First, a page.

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Generation of RF-data containing blood and tissue motion


Due to breathing, heart beat and vessel wall pulsation the tissue surrounding a vessel will experience motion. By simulating this motion along with the motion of the blood, very realistic RF-data can be computed. In this example RF-data for the carotid artery including tissue motion due to breathing and pulsation is generated. The blood velocity profile is modeled using Womersley´s pulsatile flow model.

The phantom generates 3,500 files with positions of scatterers at the corresponding time step. The change in position of the scatterers at each time step is determined by the blood velocity and the tissue motion models. These files are then used for generating the RF-lines along one direction for the number time steps - equal to 3,500. The transducer is modeled as a convex, elevation focused array with 60 elements with a Hanning apodization in transmit and receive. The element height was 15 mm, the width 0.37 mm, and the kerf 0.03 mm. The transmit pulse consist of 8 periods. A single transmit focus was placed at 40 mm, and receive focusing was done at 40 mm intervals.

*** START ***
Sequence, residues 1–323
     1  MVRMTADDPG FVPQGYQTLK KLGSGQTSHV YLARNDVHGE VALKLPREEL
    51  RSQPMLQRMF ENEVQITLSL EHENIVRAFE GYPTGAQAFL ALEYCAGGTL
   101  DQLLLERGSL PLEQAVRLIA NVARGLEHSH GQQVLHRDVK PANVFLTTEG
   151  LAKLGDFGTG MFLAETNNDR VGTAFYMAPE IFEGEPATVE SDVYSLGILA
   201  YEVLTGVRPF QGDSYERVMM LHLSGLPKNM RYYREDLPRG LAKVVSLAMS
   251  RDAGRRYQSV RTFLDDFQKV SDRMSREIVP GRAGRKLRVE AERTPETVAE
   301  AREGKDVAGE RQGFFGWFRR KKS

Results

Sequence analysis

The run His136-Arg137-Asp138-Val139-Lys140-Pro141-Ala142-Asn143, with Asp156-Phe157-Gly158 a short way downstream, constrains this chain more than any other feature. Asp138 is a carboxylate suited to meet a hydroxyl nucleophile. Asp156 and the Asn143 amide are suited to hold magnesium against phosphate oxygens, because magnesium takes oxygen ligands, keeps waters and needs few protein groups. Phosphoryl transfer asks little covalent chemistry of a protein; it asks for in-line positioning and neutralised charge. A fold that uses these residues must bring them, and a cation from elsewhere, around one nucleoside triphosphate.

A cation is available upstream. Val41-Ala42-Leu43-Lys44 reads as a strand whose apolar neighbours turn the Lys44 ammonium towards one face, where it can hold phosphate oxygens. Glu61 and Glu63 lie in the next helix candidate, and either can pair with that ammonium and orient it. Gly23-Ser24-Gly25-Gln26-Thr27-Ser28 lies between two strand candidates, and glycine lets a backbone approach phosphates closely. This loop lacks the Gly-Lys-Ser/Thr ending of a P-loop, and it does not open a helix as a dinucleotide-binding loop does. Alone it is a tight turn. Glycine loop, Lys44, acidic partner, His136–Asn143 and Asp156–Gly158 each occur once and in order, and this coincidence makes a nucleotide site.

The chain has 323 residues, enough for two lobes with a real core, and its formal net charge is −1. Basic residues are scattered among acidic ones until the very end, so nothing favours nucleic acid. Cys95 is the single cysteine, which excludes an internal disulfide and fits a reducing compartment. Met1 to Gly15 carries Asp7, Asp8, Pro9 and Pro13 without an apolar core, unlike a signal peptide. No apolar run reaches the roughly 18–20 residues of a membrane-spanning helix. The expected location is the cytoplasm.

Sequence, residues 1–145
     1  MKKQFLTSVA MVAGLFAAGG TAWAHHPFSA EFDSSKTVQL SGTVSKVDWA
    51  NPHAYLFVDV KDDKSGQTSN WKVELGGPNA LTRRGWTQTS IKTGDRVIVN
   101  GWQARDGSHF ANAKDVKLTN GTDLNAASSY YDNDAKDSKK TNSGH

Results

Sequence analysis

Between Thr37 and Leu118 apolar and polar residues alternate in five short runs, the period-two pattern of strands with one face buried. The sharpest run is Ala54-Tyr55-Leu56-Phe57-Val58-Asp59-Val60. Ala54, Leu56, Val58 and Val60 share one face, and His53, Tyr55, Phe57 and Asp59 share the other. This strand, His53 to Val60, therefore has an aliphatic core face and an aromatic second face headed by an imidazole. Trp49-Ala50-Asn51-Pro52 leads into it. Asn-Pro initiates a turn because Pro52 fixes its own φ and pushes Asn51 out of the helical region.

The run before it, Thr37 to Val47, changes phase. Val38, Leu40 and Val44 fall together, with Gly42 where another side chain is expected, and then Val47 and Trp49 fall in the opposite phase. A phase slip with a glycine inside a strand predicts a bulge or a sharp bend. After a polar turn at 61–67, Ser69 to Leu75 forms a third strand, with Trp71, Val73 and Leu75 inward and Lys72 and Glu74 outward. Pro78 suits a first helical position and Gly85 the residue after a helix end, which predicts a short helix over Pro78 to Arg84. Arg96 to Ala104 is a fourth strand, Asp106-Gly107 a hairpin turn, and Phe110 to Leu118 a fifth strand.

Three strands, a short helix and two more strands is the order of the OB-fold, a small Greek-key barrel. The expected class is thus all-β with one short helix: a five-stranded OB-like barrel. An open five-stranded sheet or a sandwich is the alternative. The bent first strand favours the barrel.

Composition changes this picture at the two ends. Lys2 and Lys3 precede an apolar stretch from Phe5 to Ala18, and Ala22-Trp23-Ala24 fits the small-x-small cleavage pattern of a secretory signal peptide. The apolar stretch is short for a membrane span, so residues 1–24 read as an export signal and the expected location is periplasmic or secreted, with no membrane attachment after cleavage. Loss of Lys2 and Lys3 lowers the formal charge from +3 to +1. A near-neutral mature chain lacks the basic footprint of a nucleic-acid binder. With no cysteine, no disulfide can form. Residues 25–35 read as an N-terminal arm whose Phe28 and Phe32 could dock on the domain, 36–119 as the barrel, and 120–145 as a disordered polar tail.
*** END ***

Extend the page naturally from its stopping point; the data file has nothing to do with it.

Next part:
The resulting signals can then be used in a standard autocorrelation estimator for finding the velocity image.

Plots of a simulated (top) and measured (bottom) RF-signal are given below.

The m-files can be found at:

examples/ftp_files/tissue_motion

The routine field.m initializes the field system, and should be modified to point to the directory holding the Field II code and m-files. The routine make_sct.m is then called to make the file for the scatterers in the phantom. The script sim_motion.m is then called. Here the field simulation is performed and the data is stored in RF-files; one for each RF-line done. A data file called velocity.mat contains a matrix with the blood velocities with respect to time and relative distance to center of vessel.


References:


M. Schlaikjer, S.Torp-Pedersen, J.A. Jensen and P.F. Stetson: Tissue motion in blood velocity estimation and its simulation, IEEE Ultrasonics Symposium Proceeding, pp. 1495-1499, Volume 2, IEEE, 1998.

and

M. Schlaikjer, S.Torp-Pedersen and J.A. Jensen: Simulation of RF data with tissue motion for optimizing stationary echo canceling filters, Ultrasonics, vol: 41(6), p. 415-419 (2003)


/examples/tissue_motion/tissue_motion.html
Last updated: 19:45 on Mon, 30-Apr-2012